have not been subjected to systematic comparative studies that assess their effects on the quality, accessibility, or cost of health care. Although telemedicine is hardly unique among health care services in lacking evidence of its effectiveness, the increasing demand for such evidence by health plans, patients, clinicians, and policymakers challenges advocates of clinical telemedicine to undertake more and better evaluations of its practicality, value, and affordability.
In response to the scarcity of sound evaluations, the National Library of Medicine (NLM) asked the Institute of Medicine (IOM) to develop a broad framework for evaluating clinical telemedicine. This report, developed by a 15-member committee of the IOM, presents that framework, which focuses on telemedicine's effects on the quality, accessibility, cost, and acceptability of health care. The objective is to encourage evaluations that will guide policymakers, reassure patients and clinicians, inform health plan managers, and help those who have invested in telemedicine to identify shortcomings and improve their programs. This report is aimed primarily at these policymakers, clinicians, patients, and managers, but it is also intended to provide context and support for researchers with an interest in evaluating information and communications technologies.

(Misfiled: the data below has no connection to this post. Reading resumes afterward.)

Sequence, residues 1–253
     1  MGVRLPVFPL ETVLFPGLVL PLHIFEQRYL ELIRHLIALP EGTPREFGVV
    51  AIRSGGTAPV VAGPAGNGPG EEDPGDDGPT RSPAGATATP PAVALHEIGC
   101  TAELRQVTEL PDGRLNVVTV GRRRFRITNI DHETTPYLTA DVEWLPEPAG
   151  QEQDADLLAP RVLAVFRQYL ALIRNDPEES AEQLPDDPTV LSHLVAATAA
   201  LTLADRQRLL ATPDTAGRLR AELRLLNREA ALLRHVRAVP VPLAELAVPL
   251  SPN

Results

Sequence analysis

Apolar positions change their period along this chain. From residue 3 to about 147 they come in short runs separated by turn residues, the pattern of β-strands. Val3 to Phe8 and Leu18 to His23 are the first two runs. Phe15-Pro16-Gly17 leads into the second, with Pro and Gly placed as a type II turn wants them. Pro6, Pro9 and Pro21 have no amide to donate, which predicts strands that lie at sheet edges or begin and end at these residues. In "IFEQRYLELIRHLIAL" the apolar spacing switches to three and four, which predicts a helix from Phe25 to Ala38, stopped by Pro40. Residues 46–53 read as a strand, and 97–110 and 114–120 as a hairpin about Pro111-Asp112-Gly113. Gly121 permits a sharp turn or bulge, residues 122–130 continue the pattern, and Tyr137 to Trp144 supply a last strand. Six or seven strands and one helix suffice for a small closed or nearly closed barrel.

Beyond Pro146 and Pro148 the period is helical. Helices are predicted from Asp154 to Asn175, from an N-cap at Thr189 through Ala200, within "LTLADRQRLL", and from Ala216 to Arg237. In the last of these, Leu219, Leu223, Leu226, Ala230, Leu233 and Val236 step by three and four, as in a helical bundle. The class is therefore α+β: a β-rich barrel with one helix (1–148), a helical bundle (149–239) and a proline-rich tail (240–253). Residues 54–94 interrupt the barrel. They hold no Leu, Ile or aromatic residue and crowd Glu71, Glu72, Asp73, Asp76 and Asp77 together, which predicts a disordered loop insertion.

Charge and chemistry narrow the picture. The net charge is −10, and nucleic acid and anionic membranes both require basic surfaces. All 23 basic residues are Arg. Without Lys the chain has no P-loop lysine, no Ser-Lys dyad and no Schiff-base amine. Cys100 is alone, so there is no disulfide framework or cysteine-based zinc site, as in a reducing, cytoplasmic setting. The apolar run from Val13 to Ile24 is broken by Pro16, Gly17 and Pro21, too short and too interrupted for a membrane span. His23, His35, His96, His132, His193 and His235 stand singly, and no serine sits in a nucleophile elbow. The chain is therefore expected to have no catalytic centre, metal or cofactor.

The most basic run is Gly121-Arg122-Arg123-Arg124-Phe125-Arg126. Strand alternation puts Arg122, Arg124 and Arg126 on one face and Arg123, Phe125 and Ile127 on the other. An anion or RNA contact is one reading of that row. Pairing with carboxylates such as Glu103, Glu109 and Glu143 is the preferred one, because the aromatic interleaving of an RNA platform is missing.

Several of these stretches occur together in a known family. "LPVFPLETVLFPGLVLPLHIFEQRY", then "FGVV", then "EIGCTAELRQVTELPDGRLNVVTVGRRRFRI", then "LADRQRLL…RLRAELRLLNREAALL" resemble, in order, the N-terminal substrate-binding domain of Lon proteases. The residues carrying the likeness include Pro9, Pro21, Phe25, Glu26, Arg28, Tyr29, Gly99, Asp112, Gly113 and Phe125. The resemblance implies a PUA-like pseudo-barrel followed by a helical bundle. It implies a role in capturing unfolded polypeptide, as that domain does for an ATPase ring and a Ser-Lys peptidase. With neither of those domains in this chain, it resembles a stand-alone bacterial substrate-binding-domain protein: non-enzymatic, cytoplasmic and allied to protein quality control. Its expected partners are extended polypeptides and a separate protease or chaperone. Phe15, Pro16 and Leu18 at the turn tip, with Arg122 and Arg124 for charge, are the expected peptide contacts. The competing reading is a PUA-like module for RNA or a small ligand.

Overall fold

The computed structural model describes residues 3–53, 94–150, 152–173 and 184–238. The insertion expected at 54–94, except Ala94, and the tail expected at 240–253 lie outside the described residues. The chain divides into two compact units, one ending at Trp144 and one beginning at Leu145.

Historically, access concerns have driven much of the work to develop clinical telemedicine. Early applications often focused on remote populations scattered across mountainous areas, islands, open plains, and arctic regions where medical specialists and sometimes primary care practitioners were not easily reached. Most of the telemedicine projects from the 1960s through the early 1980s failed, however, to survive the end of grant funding or trial financing. Telecommunications costs tended to be high, and the technologies were awkward to use. Few projects appeared to be guided by a business plan or an appreciation of the project features and results necessary for a sustainable program.
Recently, another wave of interest in telemedicine has prompted a range of new activities. Costs have dropped for many of the information and communications technologies supporting telemedicine, and the developing National Information Infrastructure (NII) is making these technologies more commonplace and more easily used.